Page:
NoHu Visions 2005 features the works of a talented new group of visual artists who live and work all over the North Hudson region of New Jersey.
"This exhibition marks the second year that we have mounted a group show featuring some of the leading artists in this area," said Nowlan.
"NoHu Visions underlines our commitment to both the visual and the performing arts," said Meriam Lobel, artistic director of the Park PAC. "This fall we inaugurated weekly arts classes for the children and adults in our upstairs Education Center [due to the success of the exhibition]."
Visions for 2005
The exhibition, which opened this past Wednesday and will run through July 3, is in the Park PAC's second floor Salon Gallery.
The number of submissions for the NoHu Visions tripled this year, but eight artists were accepted (technically nine due to a husband and wife collaboration). This year's exhibition included eclectic mediums from paintings to photography.
"I'm very pleased with the variety we got for the show," said Nowlan. "People who come to the show can get a good idea about what the artists work is about."
Having seen Franck de las Mercedes' portfolio at a gallery opening, Nowlan called him, a featured artist from Weehawken, during preparation for the exhibit and asked Mercedes to submit work for the show.
"Most of them are very recent, abstract impressionism type paintings," said Mercedes. "I work a lot with textures and color; creating items from the surface using a palate knife. For me, it's more about expression than it is technique. It allows me to explain myself."
Born in Nicaragua, Mercedes has exhibited extensively in the Hudson County and New York City regions.
Many of these widely known artists in the exhibit have fallen under the category of mixed media such as Rodriguez Calero of Union City, Janet Kolstein of Guttenberg, and Leslie Rubman of Hoboken.
Calero has developed an entirely new form of artistic expression through the evolution of her pieces, called acrollage, which uses a mixed media combination of acrylic and paper.
Calero works with powerful and modern iconic images with underlying spiritual themes and symbolism. Kolstein, on the other hand, is a mixed media artist with an interest in the past. Her complex, colorful and lively collages and assemblages tend to focus on vintage materials, mainly old photographs she comes across at house and estate sales.
"They're like dreamscapes a little bit, they're not memory pieces," said Kolstein. "It's a generation that has past, and I am intrigued by what people leave behind."
Much like her fellow mixed media artists, Rubman's collage pieces include found materials that have aesthetic merit to her.
"The use of found and recycled objects signifies the transformation of history, a past life experience transformed through the recycled object to create a current portrait," said Rubman. "History is a timeline; there is a lot of texture to my work, and I'm a strong visual learner."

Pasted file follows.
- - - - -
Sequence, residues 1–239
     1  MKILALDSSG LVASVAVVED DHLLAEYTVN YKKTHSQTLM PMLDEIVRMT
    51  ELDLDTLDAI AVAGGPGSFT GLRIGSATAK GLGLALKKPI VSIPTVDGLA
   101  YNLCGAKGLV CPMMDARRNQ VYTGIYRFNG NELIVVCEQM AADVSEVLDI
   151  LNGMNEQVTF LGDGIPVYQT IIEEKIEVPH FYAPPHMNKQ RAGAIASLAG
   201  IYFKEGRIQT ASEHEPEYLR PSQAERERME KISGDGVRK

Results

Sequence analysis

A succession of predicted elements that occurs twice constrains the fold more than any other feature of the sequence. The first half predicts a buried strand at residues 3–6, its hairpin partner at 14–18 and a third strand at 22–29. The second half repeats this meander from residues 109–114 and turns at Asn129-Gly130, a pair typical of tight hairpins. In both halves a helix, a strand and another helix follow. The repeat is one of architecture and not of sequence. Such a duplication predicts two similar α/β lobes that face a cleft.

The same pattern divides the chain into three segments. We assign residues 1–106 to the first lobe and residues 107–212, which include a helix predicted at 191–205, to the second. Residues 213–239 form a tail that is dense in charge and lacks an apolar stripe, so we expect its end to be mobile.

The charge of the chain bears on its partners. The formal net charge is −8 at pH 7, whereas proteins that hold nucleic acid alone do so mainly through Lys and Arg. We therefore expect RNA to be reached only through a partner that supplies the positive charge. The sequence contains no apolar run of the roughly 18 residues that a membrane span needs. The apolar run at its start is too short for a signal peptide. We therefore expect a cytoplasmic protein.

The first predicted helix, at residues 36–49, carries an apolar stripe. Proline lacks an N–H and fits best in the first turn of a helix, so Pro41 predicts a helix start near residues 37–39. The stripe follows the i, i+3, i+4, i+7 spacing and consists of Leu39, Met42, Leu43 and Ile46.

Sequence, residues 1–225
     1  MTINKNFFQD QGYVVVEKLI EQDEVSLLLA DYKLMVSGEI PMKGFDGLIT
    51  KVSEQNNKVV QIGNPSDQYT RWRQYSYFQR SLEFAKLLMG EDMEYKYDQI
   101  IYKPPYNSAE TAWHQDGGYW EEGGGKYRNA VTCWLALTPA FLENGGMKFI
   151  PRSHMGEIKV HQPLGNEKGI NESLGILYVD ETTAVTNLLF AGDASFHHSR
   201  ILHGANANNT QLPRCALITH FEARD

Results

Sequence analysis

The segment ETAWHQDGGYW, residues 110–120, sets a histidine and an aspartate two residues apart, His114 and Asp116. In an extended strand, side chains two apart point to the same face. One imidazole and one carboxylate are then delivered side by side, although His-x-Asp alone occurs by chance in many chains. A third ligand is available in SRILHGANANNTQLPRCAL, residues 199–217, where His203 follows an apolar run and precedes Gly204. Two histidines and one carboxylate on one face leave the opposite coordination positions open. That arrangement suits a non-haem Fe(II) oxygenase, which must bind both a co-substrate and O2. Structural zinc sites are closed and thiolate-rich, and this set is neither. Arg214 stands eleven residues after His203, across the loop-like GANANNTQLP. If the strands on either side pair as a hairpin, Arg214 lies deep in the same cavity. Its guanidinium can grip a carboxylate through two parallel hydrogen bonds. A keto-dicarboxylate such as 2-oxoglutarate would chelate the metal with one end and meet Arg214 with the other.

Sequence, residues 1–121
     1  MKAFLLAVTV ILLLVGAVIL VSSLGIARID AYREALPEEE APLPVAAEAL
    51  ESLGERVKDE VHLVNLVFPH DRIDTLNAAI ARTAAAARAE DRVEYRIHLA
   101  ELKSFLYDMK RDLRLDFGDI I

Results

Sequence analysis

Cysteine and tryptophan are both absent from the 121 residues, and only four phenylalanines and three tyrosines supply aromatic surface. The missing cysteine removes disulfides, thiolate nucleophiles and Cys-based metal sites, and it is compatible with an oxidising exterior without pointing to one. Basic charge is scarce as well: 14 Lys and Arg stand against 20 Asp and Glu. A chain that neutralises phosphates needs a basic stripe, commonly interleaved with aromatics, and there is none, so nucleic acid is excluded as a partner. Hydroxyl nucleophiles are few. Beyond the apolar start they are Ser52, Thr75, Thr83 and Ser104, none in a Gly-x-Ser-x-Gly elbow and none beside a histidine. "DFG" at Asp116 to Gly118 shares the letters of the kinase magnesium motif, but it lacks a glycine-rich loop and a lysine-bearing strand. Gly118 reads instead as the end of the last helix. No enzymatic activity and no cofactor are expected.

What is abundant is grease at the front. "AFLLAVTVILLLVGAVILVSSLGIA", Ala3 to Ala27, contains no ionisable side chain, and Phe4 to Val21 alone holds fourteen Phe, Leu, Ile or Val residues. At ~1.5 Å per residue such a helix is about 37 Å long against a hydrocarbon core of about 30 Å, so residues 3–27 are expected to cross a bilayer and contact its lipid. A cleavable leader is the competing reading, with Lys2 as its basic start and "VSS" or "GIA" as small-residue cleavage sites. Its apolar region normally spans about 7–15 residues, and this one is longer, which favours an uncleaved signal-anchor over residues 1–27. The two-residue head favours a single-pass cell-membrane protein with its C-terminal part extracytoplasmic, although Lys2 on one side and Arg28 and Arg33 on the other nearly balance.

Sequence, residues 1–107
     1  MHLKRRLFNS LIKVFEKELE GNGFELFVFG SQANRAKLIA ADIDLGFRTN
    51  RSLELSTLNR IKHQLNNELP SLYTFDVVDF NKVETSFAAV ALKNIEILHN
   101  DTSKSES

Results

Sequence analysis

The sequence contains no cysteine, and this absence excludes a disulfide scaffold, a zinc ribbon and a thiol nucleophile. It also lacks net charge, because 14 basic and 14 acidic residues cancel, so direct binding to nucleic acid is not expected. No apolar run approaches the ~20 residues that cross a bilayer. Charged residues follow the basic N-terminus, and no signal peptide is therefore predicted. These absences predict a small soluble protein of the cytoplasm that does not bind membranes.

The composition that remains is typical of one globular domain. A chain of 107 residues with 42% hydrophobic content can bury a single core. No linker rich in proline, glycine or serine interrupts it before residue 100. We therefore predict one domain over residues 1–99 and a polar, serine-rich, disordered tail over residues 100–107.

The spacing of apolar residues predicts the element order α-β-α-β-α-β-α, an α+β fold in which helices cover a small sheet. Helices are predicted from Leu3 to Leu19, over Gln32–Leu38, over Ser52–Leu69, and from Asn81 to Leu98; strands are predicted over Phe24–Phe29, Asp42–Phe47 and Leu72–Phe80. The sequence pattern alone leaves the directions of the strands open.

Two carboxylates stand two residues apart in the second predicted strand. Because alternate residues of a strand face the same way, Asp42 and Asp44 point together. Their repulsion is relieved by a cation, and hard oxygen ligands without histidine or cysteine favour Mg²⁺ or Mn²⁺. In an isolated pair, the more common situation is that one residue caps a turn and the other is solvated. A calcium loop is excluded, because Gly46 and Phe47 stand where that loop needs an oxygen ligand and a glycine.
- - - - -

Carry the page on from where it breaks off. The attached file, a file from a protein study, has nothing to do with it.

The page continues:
Images through windows
Rounding up the artists are photographers Thomas Egan, E. Jan Kounitz, Edward Fausty and husband and wife Andrew Nelson and KimSu Theiler, who worked together as a collaborative called Gobolux to produce video art entitled "March in Like a Lion Out," which directly embraces the visual rules of painting.
Egan, of Hoboken, calls himself a colorist with an emphasis on light and its properties, which he finds best at night driving around the different locations of New Jersey.
Kounitz seeks to achieve humor, mystery and provocation of thought in his images, and generally works in black and white prints.
"Photography gives us an opportunity to look at images that the eye doesn't see," said Kounitz. "My work falls somewhere between what you wouldn't usually look at and what you might not see even if you looked."
Fausty is a fine artist and master printmaker who works using photography as a base, with a studio in Union City. His series chosen for the NoHu visions are pigmented digital inkjet prints of images he captured on film at 111 First St. in Jersey City, where he used to work. The images capture both a time when the rooms in 111 First St. were filled with activity, and the devastating emptiness that followed once the artists vacated.
Funding for the exhibition came partly from the New Jersey State Council on the Arts/Department of State, the Provident Bank, the Liz Claiborne Foundation, and the Independence Community Foundation.
"This area is so rich with the history of artists and really rich with art now," said Rubman. "It's really exciting to be a part of this exhibit."
NoHu Visions 2005 is open to the public by appointment, which can be made by calling (201) 865-6980, extension 15.
For more information, visit www.parkpac.org.